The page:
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A perfect and surprising flavor combination – chilis and chocolate – yuuuuum. And I was gifted one of those chilies after expressing strong interest in them. Let me warn you – not for the spicy averse. They were edible, but not enjoyable. But I still love chocolate chili, so these spiced chocolate cookies looked like a match for me.

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Much better. A relief after the disappointment of the buckwheat bonanza. I did swap out regular flour for the oat and rice flour, I admit it – I wanted a slightly more “normal” ingredient list. And that worked without a hitch. These are chocolaty, although not over the top, soft and rich and slightly chewy because of the raisins, and they have a slow but strong burn entering after a few seconds from the chipotle chili powder I dosed them with. A worthwhile cookie.

Wishing you all a very lovely second Advent Sunday.

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Posted by on December 7, 2014 in Christmas markets, Holiday Foods

 

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Better late than never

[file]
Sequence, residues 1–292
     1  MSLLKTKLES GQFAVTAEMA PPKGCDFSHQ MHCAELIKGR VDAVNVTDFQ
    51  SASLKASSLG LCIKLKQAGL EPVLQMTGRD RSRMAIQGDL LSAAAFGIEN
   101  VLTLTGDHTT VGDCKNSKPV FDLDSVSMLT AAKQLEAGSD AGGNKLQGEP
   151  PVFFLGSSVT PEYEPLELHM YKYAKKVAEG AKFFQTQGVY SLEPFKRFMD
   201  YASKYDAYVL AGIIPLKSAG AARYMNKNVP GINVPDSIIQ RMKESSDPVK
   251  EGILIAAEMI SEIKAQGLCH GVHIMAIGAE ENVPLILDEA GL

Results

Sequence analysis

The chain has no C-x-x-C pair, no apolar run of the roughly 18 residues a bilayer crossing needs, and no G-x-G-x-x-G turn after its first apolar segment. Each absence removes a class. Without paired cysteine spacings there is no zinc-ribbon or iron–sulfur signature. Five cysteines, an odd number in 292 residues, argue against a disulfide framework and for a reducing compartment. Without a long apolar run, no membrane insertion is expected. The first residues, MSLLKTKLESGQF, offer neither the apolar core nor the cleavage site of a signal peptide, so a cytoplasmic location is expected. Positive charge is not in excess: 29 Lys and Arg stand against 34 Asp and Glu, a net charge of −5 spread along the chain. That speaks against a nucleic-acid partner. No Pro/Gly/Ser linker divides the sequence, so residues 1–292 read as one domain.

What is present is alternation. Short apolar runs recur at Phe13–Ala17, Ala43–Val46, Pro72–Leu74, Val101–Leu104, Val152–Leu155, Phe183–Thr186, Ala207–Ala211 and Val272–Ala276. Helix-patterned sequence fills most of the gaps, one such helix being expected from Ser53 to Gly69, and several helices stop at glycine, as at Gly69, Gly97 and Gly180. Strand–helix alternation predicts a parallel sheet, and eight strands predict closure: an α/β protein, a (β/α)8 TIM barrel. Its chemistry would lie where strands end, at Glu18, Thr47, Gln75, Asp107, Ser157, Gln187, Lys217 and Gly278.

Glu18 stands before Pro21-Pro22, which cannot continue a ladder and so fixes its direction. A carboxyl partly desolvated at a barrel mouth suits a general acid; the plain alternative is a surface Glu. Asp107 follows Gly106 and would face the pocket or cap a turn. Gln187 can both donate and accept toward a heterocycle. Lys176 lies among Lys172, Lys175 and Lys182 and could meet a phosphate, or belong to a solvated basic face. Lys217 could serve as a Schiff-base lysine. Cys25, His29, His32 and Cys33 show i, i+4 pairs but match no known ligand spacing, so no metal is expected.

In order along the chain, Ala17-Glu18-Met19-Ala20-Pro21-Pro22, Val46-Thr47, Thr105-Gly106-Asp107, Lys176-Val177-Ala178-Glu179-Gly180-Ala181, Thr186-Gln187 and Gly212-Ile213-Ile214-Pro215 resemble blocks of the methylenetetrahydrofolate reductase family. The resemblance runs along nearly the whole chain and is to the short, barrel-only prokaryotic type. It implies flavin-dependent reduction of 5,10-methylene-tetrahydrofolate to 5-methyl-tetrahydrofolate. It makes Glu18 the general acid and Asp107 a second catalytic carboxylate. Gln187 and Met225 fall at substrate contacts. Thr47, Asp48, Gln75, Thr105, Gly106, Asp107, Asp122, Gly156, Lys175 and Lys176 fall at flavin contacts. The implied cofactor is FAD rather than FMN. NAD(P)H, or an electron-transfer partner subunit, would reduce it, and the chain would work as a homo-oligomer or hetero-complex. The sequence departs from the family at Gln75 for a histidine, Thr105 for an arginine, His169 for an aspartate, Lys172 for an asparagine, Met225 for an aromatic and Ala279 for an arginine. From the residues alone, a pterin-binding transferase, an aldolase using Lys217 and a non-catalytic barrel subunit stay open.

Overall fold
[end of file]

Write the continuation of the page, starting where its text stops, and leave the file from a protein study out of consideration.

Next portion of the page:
list of drinks at xmas marketsBetter late than never. I’ve been a bad bad blogger of later. It has been a combination of just too much to do in the last month plus the feeling that I haven’t cooked anything really new, innovative, new…

My mother made a blog request a week or two back that I agreed to create. Or at least, a request – “take some pictures of the Christmas markets” – that I interpreted to be a blog request. I’ve taken photos before of the markets, so nothing much new here, but nevertheless, worth an occasional revisit of some of the goodies that one can get at the millions of Christmas market booths in Munich and beyond.

First off, that photo above is a list of various types of mulled wine to be had. We’ve got the red and white wine versions, the blueberry, blackberry and cherry versions. Add a shot to it and you pay a euro more, Want it without alcohol (“children’s punch”) and you pay a euro less. Not listed here are all the modern variations – hot mulled mojitos, the “Feuerzangenbowle” – mulled wine with rum-soaked sugar, and the like.

Chocolate, yes, Chocolate tools

Chocolate, yes, Chocolate tools